That could bethe end of the post. I know we hear about Swiss chocolate, and that too was delicious. But I have never eaten so much cheese as I did in Switzerland. The evening we arrived, our hosts prepared traditional fondue, which should only be made with cheese and white wine, and at the very end, a shot of kirsch to maintain the proper consistency. You must make sure your fondue neither boils nor congeals. It’s a delicate process. Once the silky smooth liquid cheese arrives on the table in its sturdy ceramic pot, each fondue imbiber takes his or her own long fondue fork, skewers a piece of bread (only bread. None of the creative “other things go well with cheese” impurity), and mushes it around in the cheese for a bit. You want to soak up as much delicious cheese as possible. But be careful. It’s like graham crackers in milk. If you leave it soaking too long, the bread will fall off the fork and be lost in the sea of cheese. When someone does lose their bread, there’s free-for-all among the other diners to fish it out. Whoever snags the lost bread gets to stab the loser with his own fondue fork…. Just kidding. The finder gets to kiss the loser…a sloppy, oily, cheesy smooch!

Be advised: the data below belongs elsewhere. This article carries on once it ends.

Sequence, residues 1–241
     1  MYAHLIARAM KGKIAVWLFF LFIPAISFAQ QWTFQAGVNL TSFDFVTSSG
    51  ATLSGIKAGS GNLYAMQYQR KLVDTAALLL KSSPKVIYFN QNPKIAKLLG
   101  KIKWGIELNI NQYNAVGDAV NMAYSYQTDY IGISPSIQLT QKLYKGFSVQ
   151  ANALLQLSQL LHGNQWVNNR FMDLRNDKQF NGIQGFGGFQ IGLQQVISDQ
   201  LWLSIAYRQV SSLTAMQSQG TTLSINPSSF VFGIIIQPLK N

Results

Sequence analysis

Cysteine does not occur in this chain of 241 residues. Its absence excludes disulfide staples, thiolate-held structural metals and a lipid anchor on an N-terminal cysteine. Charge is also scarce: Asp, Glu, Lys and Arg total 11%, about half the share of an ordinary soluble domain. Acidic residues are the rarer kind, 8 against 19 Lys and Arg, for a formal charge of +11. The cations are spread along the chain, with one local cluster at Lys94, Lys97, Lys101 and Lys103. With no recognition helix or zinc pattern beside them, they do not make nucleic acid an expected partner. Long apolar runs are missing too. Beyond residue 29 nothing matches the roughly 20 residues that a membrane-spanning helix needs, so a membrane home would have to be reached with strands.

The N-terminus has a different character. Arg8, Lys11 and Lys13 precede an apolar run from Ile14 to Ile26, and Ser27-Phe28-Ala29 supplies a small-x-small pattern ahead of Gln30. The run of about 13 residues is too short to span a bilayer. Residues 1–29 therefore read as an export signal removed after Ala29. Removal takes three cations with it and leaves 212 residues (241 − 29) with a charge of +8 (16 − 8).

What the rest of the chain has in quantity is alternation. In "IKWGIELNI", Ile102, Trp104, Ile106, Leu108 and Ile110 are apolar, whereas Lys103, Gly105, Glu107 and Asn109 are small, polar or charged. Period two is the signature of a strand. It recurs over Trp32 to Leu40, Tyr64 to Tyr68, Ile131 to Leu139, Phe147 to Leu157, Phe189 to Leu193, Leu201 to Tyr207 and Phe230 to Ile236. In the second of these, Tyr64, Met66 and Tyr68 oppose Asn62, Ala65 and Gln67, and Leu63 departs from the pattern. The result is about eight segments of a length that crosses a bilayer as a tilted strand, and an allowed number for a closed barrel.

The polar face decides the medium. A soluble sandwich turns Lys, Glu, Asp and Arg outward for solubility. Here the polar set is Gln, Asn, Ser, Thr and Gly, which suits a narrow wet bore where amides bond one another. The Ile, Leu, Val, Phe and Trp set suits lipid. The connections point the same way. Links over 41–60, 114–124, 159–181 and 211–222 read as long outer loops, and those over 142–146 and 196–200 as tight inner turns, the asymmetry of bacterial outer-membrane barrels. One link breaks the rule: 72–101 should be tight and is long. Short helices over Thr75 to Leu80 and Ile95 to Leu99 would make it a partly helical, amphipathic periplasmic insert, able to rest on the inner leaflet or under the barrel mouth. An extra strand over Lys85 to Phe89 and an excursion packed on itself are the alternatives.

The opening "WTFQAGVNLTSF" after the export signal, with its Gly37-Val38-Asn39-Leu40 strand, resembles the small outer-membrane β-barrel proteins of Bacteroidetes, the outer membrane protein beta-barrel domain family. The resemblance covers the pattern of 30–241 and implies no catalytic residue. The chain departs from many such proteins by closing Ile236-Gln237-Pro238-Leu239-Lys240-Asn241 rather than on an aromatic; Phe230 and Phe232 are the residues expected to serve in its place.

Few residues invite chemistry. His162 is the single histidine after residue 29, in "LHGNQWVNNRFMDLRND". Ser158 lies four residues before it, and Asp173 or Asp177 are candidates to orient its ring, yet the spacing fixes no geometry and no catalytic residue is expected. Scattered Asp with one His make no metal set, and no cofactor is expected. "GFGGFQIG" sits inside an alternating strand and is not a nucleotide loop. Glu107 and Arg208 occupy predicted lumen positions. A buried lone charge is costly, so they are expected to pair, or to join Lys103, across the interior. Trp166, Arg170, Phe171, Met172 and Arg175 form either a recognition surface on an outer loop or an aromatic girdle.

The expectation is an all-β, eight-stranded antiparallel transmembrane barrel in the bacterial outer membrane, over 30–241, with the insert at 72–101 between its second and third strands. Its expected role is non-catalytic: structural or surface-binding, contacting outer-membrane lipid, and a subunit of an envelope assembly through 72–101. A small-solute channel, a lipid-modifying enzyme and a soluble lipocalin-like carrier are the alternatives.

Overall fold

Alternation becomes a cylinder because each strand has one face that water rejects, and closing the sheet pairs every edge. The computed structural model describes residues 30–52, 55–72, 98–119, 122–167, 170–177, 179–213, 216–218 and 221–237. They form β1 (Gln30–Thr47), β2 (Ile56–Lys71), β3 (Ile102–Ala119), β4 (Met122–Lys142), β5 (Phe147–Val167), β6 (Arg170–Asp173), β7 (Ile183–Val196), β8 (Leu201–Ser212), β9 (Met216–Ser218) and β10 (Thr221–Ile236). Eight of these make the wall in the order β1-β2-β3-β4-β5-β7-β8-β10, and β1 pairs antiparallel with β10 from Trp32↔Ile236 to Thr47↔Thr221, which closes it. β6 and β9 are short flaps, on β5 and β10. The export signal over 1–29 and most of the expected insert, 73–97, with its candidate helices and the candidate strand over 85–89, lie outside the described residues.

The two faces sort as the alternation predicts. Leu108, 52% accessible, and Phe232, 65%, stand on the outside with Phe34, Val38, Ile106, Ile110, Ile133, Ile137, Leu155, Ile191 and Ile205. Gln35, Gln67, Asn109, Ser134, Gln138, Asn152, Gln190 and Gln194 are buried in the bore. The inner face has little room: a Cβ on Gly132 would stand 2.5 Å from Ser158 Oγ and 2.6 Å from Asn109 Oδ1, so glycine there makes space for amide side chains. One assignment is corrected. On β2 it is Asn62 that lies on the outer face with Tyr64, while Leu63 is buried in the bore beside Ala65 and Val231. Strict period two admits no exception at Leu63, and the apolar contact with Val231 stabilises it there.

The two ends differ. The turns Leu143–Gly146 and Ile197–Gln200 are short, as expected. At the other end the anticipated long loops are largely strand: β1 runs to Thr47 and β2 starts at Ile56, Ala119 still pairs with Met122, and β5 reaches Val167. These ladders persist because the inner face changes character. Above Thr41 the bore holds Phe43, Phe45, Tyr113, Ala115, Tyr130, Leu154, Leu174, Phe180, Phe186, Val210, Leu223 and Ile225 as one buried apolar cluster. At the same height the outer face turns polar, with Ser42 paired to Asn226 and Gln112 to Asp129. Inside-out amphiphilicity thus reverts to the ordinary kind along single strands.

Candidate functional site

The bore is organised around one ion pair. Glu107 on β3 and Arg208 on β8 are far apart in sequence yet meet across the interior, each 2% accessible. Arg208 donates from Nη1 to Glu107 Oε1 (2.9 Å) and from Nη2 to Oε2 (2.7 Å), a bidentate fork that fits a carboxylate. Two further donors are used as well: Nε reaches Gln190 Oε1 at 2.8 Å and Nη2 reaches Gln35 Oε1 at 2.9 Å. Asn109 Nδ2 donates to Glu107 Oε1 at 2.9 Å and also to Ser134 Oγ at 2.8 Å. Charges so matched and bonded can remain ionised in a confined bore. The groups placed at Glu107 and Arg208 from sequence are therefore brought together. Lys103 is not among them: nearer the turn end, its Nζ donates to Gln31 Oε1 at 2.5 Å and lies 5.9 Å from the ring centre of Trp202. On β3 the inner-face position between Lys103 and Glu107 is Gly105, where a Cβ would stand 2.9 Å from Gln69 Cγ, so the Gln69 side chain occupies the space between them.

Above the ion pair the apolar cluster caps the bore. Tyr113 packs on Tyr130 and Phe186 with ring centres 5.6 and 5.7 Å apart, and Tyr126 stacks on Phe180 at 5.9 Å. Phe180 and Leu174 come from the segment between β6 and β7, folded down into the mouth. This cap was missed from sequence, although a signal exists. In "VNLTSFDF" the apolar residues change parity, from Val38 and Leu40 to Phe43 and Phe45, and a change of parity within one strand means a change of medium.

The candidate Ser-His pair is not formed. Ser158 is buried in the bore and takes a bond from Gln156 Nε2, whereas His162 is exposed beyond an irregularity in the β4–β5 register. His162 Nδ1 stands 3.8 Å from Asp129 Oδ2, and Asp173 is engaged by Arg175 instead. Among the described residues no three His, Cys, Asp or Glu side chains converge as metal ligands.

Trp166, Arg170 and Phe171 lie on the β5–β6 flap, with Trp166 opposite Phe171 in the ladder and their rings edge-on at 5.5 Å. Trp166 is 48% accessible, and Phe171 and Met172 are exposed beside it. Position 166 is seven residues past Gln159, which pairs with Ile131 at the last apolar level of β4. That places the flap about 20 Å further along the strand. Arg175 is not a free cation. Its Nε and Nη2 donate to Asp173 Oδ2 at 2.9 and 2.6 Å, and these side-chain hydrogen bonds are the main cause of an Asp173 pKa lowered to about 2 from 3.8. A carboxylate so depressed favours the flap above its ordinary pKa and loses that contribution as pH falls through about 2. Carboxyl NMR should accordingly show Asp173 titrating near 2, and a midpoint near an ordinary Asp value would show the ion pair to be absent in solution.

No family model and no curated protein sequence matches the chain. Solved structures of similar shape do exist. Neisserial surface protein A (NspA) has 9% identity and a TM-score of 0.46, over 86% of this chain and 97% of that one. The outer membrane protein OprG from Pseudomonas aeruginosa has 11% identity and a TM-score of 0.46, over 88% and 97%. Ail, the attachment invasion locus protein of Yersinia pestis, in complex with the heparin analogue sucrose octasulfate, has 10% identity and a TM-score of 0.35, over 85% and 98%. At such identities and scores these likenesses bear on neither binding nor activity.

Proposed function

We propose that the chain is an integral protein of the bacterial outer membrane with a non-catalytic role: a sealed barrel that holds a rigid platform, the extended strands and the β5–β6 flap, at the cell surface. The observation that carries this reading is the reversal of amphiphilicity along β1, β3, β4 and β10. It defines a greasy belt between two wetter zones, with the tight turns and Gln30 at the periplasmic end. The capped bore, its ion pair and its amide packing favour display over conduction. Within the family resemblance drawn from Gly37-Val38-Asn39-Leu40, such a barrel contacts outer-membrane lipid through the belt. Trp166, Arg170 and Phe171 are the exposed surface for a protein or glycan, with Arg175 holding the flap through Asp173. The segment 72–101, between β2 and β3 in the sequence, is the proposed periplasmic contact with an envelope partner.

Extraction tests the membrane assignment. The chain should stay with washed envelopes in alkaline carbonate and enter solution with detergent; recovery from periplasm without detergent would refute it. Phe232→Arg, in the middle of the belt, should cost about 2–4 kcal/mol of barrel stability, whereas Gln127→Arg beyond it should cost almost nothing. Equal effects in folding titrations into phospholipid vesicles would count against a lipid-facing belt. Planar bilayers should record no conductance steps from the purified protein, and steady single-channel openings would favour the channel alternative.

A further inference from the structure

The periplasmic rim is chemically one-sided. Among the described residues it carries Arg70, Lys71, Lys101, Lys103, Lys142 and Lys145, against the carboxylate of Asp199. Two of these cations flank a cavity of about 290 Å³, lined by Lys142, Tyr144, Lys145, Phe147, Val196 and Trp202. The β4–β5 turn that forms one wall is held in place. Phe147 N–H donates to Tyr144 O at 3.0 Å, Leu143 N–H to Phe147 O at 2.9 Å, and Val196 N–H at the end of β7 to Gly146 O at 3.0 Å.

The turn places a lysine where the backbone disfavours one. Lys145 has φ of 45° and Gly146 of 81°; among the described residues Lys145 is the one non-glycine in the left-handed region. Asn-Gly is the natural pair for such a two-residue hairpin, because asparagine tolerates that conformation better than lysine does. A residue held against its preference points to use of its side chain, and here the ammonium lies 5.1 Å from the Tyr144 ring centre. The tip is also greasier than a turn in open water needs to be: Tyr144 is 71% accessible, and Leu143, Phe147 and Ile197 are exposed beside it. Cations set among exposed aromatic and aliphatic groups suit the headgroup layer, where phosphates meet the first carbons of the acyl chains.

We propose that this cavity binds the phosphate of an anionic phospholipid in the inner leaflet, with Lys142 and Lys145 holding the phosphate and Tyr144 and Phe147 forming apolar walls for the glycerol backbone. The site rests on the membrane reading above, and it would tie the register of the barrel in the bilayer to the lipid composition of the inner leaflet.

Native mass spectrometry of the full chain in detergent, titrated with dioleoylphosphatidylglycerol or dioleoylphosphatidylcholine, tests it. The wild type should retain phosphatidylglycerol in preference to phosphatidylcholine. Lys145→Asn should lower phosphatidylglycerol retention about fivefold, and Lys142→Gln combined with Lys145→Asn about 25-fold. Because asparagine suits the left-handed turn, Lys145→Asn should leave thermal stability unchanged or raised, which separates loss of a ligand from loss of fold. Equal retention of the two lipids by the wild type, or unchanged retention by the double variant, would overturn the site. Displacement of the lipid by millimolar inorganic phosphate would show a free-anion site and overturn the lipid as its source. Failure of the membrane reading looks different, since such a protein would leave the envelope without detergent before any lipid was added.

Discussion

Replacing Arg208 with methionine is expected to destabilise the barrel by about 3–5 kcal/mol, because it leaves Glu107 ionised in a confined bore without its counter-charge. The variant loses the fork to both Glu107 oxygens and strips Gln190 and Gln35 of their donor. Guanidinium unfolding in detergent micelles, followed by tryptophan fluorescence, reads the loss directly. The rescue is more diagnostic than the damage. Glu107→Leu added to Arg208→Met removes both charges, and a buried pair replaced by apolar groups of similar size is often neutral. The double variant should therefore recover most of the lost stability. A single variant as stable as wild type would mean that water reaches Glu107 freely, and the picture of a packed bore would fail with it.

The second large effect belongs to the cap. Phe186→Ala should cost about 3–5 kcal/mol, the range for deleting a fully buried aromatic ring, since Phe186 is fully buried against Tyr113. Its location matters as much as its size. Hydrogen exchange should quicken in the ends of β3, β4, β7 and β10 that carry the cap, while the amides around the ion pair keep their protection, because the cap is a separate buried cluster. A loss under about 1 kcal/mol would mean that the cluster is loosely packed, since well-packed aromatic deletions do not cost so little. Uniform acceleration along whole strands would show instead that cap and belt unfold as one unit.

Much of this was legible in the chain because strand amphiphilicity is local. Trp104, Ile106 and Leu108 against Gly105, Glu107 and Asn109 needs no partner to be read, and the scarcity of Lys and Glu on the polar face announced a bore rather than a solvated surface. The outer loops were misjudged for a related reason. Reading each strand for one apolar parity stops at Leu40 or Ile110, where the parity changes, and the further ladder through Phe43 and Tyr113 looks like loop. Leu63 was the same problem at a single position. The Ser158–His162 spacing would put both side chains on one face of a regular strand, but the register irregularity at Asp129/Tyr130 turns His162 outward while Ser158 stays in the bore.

A warning when eating fondue. The Swiss, who as we know are very intelligent and reasonable people, know for a fact that if you drink cold beverages with your hot fondue, the cheese will congeal in your tummy into an intractable lump and you will DIE! If you order fondue at a restaurant, your only drink choices are hot tea or white wine. Yes, the Swiss understand that white wine is chilled, but that’s an exception. Apparently cold wine does not react with hot cheese in the same way as other cold liquids. We did drink water with our fondue and lived to tell the tale, but I wouldn’t have risked it if I weren’t in the company of Swiss fondue experts (and Eugenie’s mom who is a renowned Heimlicher).
Having discovered the joys of melted cheese, the Swiss went to town with recipes. The following night, we had raclette, a fun meal that you cook right at the table. This time, each diner receives her own cheese-slice-sized pan. The center of the table features a raclette oven. You select a slice of cheese from the platter, place it on your pan, and set your pan in the oven. Watch carefully. You don’t want it to burn. While it gets all melty, you have time to cut up a few baby potatoes (only potatoes. Absolutely no bread this time) on your plate and perhaps sprinkle them with paprika and “Swiss spice mix # 32.” You are also allowed to roast pearl onions and pickles on top of the oven. When your cheese is properly gooey, you snatch your pan from the oven and use your special raclette spatula to scrape the cheese over your waiting potatoes. You are may drink whatever you want with raclette. This form of melted cheese holds no dangers in combination with cold drinks.